It’s not often (never) that I feel moved to review a computer game. It’s not so much that I don’t play them, because I do – quite a bit sometimes, but because they are generally “good” and an awful lot of people already review games.
Enter TIS-100; it’s a modest little thing, and it’s interface is both nostalgia-inducing retro and modern convenience. It looks like you should be using an ancient IBM model M keyboard, but actually allows mouse clicks and control-c/v commands just like modern software would. With very little fanfare you’re dropped into a broken operating system, where the corrupted segments of the kernel have to be fixed up by you.
The first part of the charm here is that there is no hand-holding. None. You’re provided with a short manual detailing the valid processor op-codes, a little brief on how the node based architecture works – and then you’re out in the wild. Each node has a short code limit of around 15 lines, and each node also allows access to two registers. And that’s it. You’re set a task, and provided with some tests to run with the expected output detailed on the left hand side of the display. This is coding stripped down to it’s barest nuts and bolts.
Part of the novelty is that the TIS stands for Tesselated-Intelligence-System – processing is divided out into separate nodes, each with their own codebase. Calls to access the values of other nodes block the callee, making simple swaps a more considered operation and deadlocks ever present. Once you’ve got the swing though, you quickly find that you can use nodes for parallel processing, or as quick scratch-RAM for a main processing node. Each task that you are set to repair a segment is also non-trivial, in that it’s a real operation you could expect to find in an embedded environment (signal peak detection, pattern matching – even an interrupt handler), and that there’s a genuine sense of accomplishment when the output column of the test matches the required values – and it’s extremely instructional.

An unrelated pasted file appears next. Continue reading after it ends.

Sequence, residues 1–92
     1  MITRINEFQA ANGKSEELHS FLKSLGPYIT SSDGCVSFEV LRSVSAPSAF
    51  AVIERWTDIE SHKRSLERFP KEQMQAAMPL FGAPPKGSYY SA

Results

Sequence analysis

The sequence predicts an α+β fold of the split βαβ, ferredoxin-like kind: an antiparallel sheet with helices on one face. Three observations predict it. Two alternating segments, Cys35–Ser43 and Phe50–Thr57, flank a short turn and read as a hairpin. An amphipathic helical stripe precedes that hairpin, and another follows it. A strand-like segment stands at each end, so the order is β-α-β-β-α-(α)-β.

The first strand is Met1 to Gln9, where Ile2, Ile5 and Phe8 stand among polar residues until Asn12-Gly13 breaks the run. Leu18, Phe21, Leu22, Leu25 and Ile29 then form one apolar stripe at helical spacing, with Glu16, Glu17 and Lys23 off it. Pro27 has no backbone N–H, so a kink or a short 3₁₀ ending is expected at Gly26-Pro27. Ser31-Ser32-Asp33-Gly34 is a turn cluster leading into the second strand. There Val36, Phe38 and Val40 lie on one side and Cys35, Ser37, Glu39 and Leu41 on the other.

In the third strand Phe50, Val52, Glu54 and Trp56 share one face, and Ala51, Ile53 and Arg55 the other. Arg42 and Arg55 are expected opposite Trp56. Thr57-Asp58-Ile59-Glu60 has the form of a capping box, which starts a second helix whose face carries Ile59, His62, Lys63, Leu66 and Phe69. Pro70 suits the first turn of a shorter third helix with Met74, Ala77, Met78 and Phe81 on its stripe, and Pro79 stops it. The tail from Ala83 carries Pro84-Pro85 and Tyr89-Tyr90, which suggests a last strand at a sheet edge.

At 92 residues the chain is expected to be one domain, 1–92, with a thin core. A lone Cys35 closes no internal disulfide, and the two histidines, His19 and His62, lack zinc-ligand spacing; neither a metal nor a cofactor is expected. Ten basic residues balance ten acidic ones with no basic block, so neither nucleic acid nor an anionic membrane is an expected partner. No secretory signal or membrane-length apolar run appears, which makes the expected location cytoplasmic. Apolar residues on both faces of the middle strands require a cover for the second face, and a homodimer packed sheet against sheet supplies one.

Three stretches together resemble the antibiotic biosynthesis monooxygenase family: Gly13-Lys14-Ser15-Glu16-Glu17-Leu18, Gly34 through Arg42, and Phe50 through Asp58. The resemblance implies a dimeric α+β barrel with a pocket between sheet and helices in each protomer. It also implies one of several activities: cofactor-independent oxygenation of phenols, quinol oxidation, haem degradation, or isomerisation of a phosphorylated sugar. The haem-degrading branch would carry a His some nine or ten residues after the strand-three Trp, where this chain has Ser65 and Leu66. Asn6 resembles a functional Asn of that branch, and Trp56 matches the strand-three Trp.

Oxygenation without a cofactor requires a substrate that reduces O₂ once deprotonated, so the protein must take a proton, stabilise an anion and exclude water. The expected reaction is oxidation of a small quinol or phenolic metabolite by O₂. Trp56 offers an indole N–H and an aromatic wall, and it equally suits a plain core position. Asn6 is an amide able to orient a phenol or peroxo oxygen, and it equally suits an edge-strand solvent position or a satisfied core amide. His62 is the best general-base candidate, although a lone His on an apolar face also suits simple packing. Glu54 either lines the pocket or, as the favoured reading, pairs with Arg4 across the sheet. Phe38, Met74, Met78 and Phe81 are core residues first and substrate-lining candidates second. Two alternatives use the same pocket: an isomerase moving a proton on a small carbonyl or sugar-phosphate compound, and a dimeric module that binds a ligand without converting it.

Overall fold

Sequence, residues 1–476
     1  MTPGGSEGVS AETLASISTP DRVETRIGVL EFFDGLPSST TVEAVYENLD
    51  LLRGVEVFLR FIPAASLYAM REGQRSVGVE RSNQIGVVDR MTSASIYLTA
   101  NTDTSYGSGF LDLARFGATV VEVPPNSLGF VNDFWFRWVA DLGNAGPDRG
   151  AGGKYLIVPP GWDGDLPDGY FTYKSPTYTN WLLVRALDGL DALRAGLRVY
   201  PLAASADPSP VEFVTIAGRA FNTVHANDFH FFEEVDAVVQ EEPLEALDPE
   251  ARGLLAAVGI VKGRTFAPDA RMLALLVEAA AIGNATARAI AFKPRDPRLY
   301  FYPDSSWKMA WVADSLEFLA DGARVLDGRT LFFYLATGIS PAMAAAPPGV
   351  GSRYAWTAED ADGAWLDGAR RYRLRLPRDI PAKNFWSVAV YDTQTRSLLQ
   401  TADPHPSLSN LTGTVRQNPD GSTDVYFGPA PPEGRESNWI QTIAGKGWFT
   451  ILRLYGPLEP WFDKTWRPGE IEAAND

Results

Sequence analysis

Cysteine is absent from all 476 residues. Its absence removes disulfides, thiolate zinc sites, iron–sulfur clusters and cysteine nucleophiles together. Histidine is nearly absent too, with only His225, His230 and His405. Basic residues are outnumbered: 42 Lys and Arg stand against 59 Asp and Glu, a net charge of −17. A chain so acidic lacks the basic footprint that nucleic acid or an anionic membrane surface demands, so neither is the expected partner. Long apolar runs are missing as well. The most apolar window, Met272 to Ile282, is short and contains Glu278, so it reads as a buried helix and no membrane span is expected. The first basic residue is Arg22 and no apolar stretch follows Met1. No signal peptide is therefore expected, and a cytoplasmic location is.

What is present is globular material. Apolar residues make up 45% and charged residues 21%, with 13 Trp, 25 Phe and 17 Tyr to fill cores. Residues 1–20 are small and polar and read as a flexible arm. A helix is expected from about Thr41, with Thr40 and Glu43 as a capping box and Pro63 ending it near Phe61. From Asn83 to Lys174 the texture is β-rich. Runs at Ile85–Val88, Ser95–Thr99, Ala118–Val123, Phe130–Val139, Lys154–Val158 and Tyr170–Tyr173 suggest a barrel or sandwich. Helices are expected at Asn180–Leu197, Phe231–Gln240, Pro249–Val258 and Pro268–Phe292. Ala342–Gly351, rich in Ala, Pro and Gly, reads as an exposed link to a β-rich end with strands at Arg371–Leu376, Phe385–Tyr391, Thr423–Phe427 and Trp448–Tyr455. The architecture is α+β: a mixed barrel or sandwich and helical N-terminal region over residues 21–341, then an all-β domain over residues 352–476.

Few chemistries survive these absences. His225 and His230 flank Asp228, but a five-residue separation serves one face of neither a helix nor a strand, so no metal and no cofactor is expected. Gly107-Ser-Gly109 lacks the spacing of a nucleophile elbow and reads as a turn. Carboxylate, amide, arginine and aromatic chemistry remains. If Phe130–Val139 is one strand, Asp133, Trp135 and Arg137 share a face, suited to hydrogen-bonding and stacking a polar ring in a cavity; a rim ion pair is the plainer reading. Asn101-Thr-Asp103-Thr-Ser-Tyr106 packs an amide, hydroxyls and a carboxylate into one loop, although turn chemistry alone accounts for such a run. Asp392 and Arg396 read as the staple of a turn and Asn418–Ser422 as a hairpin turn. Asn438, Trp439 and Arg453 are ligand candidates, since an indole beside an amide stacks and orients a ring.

I spend most of my working life dealing with a fourth generation language, and I’m abstracted away from the hardware by a considerable degree – but I’ve often yearned to get some assembly coding done (even maybe start a hobby operating system), and all of my attempts to “get in” to assembly have been thwarted. Either I wasn’t experienced enough, the documentation was patchy, or the build environment wasn’t sane; I’ve had several cracks at learning – but nothing in my twenty-plus years of developing has been as useful or informative as a (slightly drunken) hour with this little beast.
One of the joys is that coming from some much (.NET, SQL server) down to this level forces you to do far more with far less. I tend to float up objects and variables with wild abandon, expensive database queries and non-optimal execution trees don’t consume a lot of my thinking time because modern machines are so fast and have so much RAM. I do sometimes go back over old code to correct my more egregious assumptions or requests (when they pile up into seconds), but here we’re given two registers two work with – and one of the register operations is destructive. Suddenly we’re up into The Art of Computer Programming territory, using a notional system to achieve realistic results – and with such little room to manoeuvre that optimisation is almost impossible to avoid.
This really has helped me enormously in terms of my feeling of “completeness” as a developer, and has refueled my desire to work through the Art of Computer Programming and GEB (Godel, Escher Bach – an eternal golden braid to the unfamiliar) – it’s the same feeling you get when a beautiful algorithm unfolds in your head, and when it gets down to it, it’s one of the reasons I’m in this business. I love to code, and I love good code – but we don’t often get paid to write good code; just stuff that works. If you feel the same then get this game, because it will put you back in touch with that feeling.
If you’ve never coded before, you may need a little more time bootstrapping yourself – but I reckon that you’d be far better off spending a day puzzling over this than almost any “fundamentals” programming course. This will get you in at the sharp end, and the techniques you learn will give you a better understanding of what various library functions do, their overhead – and insight into how much has gone into providing all that padding for you to keep you safe from the sharp edges of the hardware.
Please – go buy. It’s only a fiver, and I want to encourage the developer to keep adding more segments and more challenges; they’ve managed to re-awaken my hidden low-level developer, and I want more!